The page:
Southeast wine lovers could be the beneficiaries of a nasty trade war with China after a Queensland boutique winemaker was struck down with a whopping 212 percent of its wine exports to that country.
Rod Hill, general manager of Sirromet Wines, said the tariff would have a big impact on the price of all Australian wines going to China.
Mr Hill said he wasn’t sure how China tariffs would affect local sales of his wine this Christmas, but didn’t rule out a nice Christmas surprise with some quality boutique wines at cheaper prices.
« It won’t have any real impact on the local market – but if you get into a situation where there is an oversupply of wine in the Australian market and we can’t find a home for it in an export market, it will. « Put pressure on prices so that local consumers can actually benefit. « »
China decided last week to add tariffs that range from 107. 1 percent to 212. 1 percent, after an investigation into the claims was conducted, Australian winemakers dumped wine on the world market at cheap cellar prices.
The Australian government denied the claims, saying there was no basis or evidence for them before urging China today to delete and remove a social media post about Australian armed forces personnel.
« These new tariffs have a significant impact and for us it means we have no choice but to pass these additional costs on to our customers in China, » said Hill.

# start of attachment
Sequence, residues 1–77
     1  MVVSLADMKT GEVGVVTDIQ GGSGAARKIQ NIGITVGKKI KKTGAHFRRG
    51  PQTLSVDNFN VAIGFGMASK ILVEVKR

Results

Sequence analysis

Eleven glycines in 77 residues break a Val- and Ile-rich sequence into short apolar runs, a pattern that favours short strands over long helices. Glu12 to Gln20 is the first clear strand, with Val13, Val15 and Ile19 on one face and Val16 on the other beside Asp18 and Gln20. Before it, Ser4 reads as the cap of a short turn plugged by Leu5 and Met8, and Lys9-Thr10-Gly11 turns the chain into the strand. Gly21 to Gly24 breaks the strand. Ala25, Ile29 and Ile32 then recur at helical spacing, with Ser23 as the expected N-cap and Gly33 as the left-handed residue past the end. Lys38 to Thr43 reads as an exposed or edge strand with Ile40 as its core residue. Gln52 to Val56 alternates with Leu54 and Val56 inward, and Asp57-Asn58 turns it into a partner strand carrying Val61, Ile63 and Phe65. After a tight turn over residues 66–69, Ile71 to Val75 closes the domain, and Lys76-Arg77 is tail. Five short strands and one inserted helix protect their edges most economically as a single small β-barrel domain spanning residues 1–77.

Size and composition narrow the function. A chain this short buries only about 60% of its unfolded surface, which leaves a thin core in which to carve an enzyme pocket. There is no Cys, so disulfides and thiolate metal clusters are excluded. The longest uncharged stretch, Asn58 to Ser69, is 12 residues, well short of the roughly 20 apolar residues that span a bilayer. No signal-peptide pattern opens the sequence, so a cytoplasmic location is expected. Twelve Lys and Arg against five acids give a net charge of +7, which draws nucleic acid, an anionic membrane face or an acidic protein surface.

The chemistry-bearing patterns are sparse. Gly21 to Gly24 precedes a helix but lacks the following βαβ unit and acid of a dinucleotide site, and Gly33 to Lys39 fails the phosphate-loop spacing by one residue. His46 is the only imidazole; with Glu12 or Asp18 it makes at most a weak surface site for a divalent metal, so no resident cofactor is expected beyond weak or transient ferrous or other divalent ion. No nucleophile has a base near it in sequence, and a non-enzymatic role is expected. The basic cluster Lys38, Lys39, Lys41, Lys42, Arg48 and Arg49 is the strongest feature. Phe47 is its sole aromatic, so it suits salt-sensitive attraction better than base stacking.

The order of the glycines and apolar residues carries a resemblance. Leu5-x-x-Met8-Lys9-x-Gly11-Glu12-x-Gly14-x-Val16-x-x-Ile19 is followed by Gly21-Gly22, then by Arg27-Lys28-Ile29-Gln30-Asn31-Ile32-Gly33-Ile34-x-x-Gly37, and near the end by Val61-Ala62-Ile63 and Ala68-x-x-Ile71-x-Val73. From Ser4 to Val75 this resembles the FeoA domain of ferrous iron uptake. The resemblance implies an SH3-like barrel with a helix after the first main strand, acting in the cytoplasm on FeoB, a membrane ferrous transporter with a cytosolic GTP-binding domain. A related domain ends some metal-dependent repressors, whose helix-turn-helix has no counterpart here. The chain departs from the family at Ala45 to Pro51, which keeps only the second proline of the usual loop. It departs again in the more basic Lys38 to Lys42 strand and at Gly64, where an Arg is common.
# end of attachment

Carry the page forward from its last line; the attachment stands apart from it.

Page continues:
« Then it becomes a situation as to whether our wines can continue to exist on the market if the competitive conditions are uneven.
« This is nothing new. It’s just one major change that unexpectedly caused Australian wine producers to react quickly.
« It removes uncertainty about what tariffs will be when the wine dumping investigation is complete. « »
He said his China customers delayed ordering while China set tariffs which will be applied to different manufacturers at different rates depending on China’s decision to classify the supplier.
Large wine producers were burdened with tariffs of 107 percent, while the remaining Australian producers were taxed at the highest rate of 212 percent.
Before the global free trade agreement was announced in 2015, there were Chinese tariffs on wine exports, which led to a reduction to zero percent in 2019, when wine exporters only had to pay 17 percent VAT.
Federal Trade Minister Simon Birmingham announced on Sunday that he would reach out to the organization about China’s handling of delays in Australian barley and coal in Chinese ports. At this point, however, wine will not be part of an immediate complaint to world trade.
Mr Hill said Mt Cotton-based Sirromet Wines is in a strong position to break the high tariffs with only 25 percent of exported wine accounting for around 50. 000 bottles a year to bypass.
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Tariff, China, Wine
World news – AU – Wine makers hit 212% China tariff
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– Wine manufacturer hit 212% China tariff
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